Born at Birstall, he entered the Wesleyan ministry in 1834 and served in a number of circuits, ending with Burslem in 1860. He was married twice and was described as a literary man and an excellent preacher. He came to believe in the doctrine of ‘hereditary holiness’, by which he understood that in the case of children both of whose parents were ‘entirely sanctified’ the ‘entail of original sin was broken’. Although he claimed that this was derived from Wesley’s teaching on Christian Perfection , his book The Humanity of Christ viewed in relation to Theological Sentiment and Religious Life was answered by J.W. Thomas in Letters to the Rev. N. Rouse on his theory of hereditary holiness (1862). The Conference of that year condemned his views as heretical and he left the ministry (although still described as a ‘Wesleyan minister in the 1881 census). In 1865 he published Principles of Biblical Interpretation.
‘[At the Conference of 1862] ... the committee on Rouse brought in their report, recommending his expulsion. The committee being made up of all the big-wigs, I was astounded at the folly of the proposal, and moved an amendment that he have another year allowed for reflection. I commenced by expressing my intense condemnation of the folly and fanaticism of the book, and my gratitude for the purity, unity and positiveness of our doctrines, and the duty of guarding it with sacred sensitiveness... I knew that they were chuckled over in rationalistic coteries, that an eminent rationalist had taunted me with the fact that a Methodist preacher had reduced to the absurd the Doctrine of Original Sin. But I asked, to what do we owe the purity and unity of our doctrine? Certainly not harsh and hasty legislation. I dwelt on the case of Adam Clarke. I showed that his delinquency was immeasurably greater than Rouse’s; that though R. had indulged in risky speculation, which impinged on the Doctrine of Original Sin, yet he professed to believe it, none the less. I said it was plain from R.’s preface that he had set out with the resolution of either being a great doctrinal discoverer or a martyr. I asked what was the severest, safest, and most suitable punishment? To disappoint him. I showed that his book did not entitle him to be the proto-martyr of Rationalism in the History of Methodism. If this were a monomania, to irritate and oppose him was not the way to cure it... I spoke at length. The Conference took my view of the case. Vasey seconded my motion. Even the committee recoiled from their own proposal. Arthur and Waddy professed their complete conversion to my view. When Rouse (who I was convinced wished to be a martyr) found that the lenient view was about to be taken, and he should lose the éclat of martyrdom, he resigned, which took us out of the mess.’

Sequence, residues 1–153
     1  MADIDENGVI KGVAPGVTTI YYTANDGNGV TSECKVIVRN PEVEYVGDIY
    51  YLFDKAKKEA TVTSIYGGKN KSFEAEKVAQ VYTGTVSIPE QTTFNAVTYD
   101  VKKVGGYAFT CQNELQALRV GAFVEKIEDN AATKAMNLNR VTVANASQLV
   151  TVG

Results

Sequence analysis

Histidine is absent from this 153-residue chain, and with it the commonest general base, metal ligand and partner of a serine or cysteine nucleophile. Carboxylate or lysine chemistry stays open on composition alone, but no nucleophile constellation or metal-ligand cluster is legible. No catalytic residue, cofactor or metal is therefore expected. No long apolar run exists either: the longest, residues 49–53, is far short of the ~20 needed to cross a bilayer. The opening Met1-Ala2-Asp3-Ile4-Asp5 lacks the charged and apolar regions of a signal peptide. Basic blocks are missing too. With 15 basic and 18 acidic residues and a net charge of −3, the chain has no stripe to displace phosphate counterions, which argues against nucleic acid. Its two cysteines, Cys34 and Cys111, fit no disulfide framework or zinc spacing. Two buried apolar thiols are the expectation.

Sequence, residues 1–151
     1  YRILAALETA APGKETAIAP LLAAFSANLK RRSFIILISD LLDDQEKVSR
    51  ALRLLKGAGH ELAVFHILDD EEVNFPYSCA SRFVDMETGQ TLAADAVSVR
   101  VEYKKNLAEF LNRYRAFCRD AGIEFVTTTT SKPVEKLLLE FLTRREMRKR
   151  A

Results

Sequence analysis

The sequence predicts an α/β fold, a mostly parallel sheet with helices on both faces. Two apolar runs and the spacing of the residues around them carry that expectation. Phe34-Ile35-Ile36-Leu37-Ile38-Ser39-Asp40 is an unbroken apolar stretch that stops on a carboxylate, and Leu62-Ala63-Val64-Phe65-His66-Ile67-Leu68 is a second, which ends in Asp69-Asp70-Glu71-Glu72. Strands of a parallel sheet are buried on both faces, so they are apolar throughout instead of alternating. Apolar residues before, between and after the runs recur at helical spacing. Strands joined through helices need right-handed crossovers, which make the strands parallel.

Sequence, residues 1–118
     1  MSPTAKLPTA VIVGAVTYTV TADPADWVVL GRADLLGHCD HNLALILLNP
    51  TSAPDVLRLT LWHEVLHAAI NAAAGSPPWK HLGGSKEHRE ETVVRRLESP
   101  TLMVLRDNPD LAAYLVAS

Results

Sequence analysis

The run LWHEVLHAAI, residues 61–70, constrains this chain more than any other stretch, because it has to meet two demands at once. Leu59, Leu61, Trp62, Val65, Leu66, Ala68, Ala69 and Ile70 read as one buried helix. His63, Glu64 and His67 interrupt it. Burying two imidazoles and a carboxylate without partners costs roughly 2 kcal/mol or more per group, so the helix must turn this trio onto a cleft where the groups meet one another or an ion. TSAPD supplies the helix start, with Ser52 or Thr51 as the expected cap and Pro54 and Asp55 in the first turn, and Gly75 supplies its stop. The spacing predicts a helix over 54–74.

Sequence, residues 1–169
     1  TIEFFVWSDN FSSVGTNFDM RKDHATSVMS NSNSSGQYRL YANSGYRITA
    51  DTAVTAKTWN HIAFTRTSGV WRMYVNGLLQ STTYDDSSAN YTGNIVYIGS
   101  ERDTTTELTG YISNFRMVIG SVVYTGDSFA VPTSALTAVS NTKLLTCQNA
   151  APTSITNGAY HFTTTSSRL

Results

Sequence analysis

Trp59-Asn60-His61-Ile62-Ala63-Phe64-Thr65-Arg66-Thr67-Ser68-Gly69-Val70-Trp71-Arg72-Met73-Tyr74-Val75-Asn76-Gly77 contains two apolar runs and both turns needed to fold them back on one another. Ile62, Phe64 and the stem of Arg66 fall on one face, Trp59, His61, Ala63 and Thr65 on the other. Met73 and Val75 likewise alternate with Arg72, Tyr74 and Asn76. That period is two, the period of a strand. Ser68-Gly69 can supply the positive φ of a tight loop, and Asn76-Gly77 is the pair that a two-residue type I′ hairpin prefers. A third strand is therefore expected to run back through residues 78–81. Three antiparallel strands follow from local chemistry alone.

Benjamin Gregory, Autobiographical Recollections (1903) pp.417-8